Apple Watch's battery life might be even worse than we thought

Apple Watch
For how long will the Apple Watch be able to do this?

Since as early as last September, there have been rumors about the Apple Watch's battery life, with the most pessimistic alleging that you'll have to charge it every night.

That would have been a pain, but with the latest report it seems it may be even worse than that: according to 9 to 5 Mac Apple is targeting just 2.5 to 3.5 hours of heavy to standard app use on a single charge.

With Apple's current expectations the Watch's fitness apps can reportedly go four hours without it needing a recharge, while the actual clock face can stay displayed for a total of three hours.

And ideally the Apple Watch will be able to stay in standby or sleep modes for anywhere from two to four days.

Watching the clock tick

It's important to keep in mind that these are simply Apple's targets - and besides, it's unlikely anyone with an Apple Watch will spend anywhere near three hours a day staring at the wearable's ticking clock face.

But only a few hours of application use doesn't seem so hot. The report says the Apple Watch's S1 chip is roughly equivalent to the current-gen iPod Touch's A5 chip in power, and its screen is capable of display 60 frames per second, which means some advanced and battery-intensive apps and games are possible and even likely to show up on the device.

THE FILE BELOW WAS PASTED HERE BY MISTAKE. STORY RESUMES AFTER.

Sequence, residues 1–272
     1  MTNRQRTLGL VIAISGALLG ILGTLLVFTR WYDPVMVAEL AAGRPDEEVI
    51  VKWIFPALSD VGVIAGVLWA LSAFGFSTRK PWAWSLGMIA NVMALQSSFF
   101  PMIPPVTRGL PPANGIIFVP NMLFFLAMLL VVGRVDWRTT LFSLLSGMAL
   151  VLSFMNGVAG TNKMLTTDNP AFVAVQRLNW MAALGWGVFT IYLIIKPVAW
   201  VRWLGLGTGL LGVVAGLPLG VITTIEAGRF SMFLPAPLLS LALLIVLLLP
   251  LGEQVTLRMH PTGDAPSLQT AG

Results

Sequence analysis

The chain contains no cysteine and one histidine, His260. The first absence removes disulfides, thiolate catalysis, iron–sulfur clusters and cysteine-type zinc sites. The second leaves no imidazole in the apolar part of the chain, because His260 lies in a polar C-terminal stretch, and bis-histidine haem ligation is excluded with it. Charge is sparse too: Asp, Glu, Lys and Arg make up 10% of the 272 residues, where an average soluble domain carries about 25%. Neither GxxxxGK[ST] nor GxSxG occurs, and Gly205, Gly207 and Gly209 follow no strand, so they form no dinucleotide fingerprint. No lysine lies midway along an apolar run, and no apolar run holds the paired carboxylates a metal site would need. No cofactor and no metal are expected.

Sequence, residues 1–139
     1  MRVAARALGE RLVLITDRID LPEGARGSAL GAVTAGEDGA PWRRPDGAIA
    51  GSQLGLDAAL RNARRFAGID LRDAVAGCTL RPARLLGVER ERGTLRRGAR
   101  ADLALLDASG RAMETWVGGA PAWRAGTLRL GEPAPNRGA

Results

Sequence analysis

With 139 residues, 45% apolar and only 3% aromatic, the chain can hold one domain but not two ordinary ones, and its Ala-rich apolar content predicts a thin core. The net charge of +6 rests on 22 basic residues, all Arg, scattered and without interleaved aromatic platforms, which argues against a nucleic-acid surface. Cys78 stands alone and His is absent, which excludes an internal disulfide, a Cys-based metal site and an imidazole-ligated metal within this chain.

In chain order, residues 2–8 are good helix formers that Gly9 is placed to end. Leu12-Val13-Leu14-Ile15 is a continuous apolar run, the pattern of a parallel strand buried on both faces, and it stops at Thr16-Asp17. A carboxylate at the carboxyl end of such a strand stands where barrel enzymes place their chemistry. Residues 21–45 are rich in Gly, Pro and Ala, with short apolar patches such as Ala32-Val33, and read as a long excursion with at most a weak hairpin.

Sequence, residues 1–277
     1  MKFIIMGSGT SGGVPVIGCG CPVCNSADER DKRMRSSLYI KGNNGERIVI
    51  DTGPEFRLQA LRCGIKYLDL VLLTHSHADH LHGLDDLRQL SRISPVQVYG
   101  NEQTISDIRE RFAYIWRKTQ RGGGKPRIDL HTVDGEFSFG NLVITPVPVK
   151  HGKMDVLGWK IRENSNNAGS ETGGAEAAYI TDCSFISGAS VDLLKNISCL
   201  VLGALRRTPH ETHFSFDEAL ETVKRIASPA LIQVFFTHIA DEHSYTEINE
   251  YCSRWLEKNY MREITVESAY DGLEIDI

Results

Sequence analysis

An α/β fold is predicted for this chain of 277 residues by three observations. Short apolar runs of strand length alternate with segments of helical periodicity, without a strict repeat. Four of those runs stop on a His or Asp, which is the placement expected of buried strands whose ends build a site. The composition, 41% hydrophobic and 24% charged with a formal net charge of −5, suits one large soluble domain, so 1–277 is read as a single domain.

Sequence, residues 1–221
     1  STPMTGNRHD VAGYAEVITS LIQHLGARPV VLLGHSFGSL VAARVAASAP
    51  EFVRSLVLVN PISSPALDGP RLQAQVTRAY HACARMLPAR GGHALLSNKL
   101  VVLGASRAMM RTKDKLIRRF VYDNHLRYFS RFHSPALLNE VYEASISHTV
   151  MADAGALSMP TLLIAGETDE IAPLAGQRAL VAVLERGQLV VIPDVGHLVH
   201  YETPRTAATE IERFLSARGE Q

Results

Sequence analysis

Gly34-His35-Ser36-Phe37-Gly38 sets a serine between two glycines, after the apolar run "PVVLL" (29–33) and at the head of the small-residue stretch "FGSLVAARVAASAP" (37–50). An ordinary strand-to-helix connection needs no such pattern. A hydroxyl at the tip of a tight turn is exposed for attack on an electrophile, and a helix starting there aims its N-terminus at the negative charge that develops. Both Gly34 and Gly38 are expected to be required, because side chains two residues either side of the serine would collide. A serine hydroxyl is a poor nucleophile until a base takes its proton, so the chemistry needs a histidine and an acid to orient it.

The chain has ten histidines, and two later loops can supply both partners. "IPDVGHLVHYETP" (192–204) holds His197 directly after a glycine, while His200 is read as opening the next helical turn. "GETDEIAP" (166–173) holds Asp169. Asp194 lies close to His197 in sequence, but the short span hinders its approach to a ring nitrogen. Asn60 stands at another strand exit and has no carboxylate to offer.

Remember too, though, that these are simply Apple's goals for the company's very first smartwatch, and if they don't improve in the first-gen product then they definitely will with subsequent iterations.

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Michael Rougeau

Michael Rougeau is a former freelance news writer for TechRadar. Studying at Goldsmiths, University of London, and Northeastern University, Michael has bylines at Kotaku, 1UP, G4, Complex Magazine, Digital Trends, GamesRadar, GameSpot, IFC, Animal New York, @Gamer, Inside the Magic, Comic Book Resources, Zap2It, TabTimes, GameZone, Cheat Code Central, Gameshark, Gameranx, The Industry, Debonair Mag, Kombo, and others.

Micheal also spent time as the Games Editor for, and was the managing editor at GameSpot before becoming an Animal Care Manager for Wags and Walks.